With their players locked in for multi-season deals, the writers intended to follow Peggy and her friends throughout the decades to modern times, bridging the gap between her debut and final appearance in the 2014 film Captain America: The Winter Soldier. Unfortunately, a plethora of factors like declining ratings made this dream impossible. On May 12, 2016, the series was officially cancelled.
Who Killed Agent Carter?
To all people involved, the cancellation came at a complete shock. After all, the show went for two full seasons, and was met with mostly positive reviews.
According to a Business Insider interview with Jeph Loeb, the Head of Marvel Television, the decision to cancel the show wasn’t even up for discussion.
“There were no conversations. We had a call from the network. The network said they were cancelling the show.”
The show’s ultimate fate can be attributed to its ratings. Season 2 averaged a 1.4 rating in adults between the ages of 18 and 49, with 4.4 million viewers overall, a drop from its first year ratings of 1.5 at 5 million viewers. The show simply couldn’t hold a candle to the other shows offered by ABC. The fact that it was sandwiched in a timeslot between seasons of it’s much more successful sister show Agents of SHIELD, another Marvel show that served essentially the same purpose as Agent Carter by bridging the gaps between films, made it harder for viewers to keep up. It was up to audiences to choose between shows, and at the end of the day, it was Agents of SHIELD that was renewed for more seasons.
The cancellation also came at a time where ABC began to move away from serialized adventure stories and soaps and towards procedural dramas. Shows like Conviction (also starring Haley Atwell) and Time After Time showed much more promise, and with SHIELD being the only Marvel show soaring in ratings, Peggy Carter just couldn’t keep up.
The Future of Agent Carter – 2018 Update
Despite Agent Carter’s fate being sealed, Loeb has expressed hope that Peggy could return to screens, citing developments on SHIELD and other Marvel properties.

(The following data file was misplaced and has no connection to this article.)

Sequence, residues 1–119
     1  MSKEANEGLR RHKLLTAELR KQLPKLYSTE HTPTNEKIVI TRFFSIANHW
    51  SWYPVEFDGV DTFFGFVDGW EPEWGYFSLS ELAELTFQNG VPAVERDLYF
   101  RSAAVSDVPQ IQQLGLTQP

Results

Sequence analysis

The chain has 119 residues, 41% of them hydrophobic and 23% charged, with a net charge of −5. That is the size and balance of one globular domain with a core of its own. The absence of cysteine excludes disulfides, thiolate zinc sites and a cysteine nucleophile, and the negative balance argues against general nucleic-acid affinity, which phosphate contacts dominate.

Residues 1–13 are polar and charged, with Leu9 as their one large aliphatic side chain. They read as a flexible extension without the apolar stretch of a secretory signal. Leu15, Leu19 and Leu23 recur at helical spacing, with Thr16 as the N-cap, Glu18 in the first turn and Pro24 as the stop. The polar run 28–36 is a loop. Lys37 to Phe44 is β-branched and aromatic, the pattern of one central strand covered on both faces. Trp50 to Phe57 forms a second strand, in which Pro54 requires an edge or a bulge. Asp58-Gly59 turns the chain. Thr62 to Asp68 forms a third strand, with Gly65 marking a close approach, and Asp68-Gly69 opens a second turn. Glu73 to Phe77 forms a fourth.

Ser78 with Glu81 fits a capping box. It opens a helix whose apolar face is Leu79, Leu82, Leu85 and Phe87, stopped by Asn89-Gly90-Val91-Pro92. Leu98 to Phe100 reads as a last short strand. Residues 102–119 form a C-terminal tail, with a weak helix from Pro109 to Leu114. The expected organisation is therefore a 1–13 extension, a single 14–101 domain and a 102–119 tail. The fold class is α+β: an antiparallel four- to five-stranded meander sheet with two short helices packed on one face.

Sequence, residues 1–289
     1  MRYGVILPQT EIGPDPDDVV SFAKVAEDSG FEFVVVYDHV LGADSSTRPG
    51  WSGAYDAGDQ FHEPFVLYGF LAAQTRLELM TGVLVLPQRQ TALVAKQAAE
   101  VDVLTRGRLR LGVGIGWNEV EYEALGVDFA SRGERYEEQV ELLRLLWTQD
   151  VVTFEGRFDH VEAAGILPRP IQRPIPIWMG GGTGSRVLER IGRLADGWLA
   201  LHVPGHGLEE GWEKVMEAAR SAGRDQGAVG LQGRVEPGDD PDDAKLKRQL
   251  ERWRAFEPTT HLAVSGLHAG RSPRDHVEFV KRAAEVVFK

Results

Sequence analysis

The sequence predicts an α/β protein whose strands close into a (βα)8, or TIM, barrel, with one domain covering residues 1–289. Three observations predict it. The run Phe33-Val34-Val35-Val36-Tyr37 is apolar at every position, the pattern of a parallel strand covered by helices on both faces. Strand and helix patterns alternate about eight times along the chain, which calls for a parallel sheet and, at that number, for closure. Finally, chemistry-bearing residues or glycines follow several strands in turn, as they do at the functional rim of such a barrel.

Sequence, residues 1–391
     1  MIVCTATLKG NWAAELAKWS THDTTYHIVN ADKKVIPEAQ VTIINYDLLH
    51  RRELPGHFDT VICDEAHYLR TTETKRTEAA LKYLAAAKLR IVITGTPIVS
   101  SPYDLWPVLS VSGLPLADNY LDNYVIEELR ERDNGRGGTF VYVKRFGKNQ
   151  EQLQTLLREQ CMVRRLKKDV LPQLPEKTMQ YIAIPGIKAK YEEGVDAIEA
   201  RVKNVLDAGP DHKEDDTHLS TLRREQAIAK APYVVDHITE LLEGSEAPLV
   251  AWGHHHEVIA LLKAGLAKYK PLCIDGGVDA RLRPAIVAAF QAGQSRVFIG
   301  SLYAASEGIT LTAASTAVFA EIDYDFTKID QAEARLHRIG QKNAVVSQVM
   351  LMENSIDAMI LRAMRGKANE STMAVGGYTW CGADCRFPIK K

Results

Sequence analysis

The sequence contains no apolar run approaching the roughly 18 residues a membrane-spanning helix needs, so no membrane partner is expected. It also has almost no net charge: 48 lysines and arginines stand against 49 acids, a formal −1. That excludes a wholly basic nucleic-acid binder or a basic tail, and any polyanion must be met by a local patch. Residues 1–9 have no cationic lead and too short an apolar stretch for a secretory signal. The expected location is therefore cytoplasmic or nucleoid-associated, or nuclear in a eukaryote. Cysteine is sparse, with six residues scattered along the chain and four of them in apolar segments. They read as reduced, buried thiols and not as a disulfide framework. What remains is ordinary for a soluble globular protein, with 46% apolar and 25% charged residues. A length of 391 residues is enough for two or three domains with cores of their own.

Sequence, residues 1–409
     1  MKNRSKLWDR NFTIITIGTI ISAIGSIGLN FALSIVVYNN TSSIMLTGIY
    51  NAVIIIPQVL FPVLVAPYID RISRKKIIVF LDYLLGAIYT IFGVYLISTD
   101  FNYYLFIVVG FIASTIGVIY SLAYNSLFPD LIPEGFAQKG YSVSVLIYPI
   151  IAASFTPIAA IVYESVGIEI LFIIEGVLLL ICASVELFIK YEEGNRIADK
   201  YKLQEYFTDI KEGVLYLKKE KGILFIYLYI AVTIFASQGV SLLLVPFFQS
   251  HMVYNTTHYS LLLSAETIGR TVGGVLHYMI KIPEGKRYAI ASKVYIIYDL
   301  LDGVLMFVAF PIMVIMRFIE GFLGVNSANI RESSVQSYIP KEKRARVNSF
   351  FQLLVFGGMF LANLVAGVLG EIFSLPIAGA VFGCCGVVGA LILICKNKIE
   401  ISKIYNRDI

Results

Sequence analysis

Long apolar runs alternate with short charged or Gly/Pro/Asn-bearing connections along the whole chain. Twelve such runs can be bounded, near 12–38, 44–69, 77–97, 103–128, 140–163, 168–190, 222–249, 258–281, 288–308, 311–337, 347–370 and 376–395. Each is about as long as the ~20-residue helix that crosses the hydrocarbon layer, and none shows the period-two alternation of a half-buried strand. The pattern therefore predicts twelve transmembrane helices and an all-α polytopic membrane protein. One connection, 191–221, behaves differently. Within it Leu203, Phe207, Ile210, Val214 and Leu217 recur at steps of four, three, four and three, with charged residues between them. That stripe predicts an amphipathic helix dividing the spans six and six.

“Let me just put it this way: I watched The Avengers. Phil Coulson died. His story was done. We’re about to go into the fourth season, and he’s standing right over there. So I like to think that anything is possible. And that’s one of the reasons why I enjoy my job so much.”
Atwell is also hopeful at the prospects of future seasons, according to an an interview with IGN.
“We think that there could be more to come….the second season finale doesn’t suggest that that’s it and they live happily ever after; that’s the end. We know that’s not the case. They’ve done it in a very clever way which wraps up and that gives the audience a very satisfying conclusion but they’re not quite finishing it and leaving it there.”
Atwell also stated that the third season would have gone further back into Carter’s past, including more insight on Carter’s family life, as well as other characters that the series barely touched on.
The potential for stories still exists in the minds of Agent Carter’s producers and writers. One such idea was moving the location for a third season to London, which producer Michelle Fazekas stated had been floating around in the writers room, an idea that creators Markus and McFeely had since the beginning.
Seeds for a third season had already been planted all throughout the second. In fact, the ending of the second season, featuring a major character being shot by an unknown assailant, was indeed going to be a featured arc in the third season, according to Fazekas.
There have been rumblings of a potential Netflix revival. Unfortunately, with Netflix currently packed with its own Marvel properties (such as Daredevil, Jessica Jones, Luke Cage and the upcoming Iron Fist), it seems as though it is a season that only exists in the minds of writers and producers over at Marvel Television—at least for now.
With her official departure from the Marvel Cinematic Universe in Civil War, it seems that Peggy’s war has finally ended.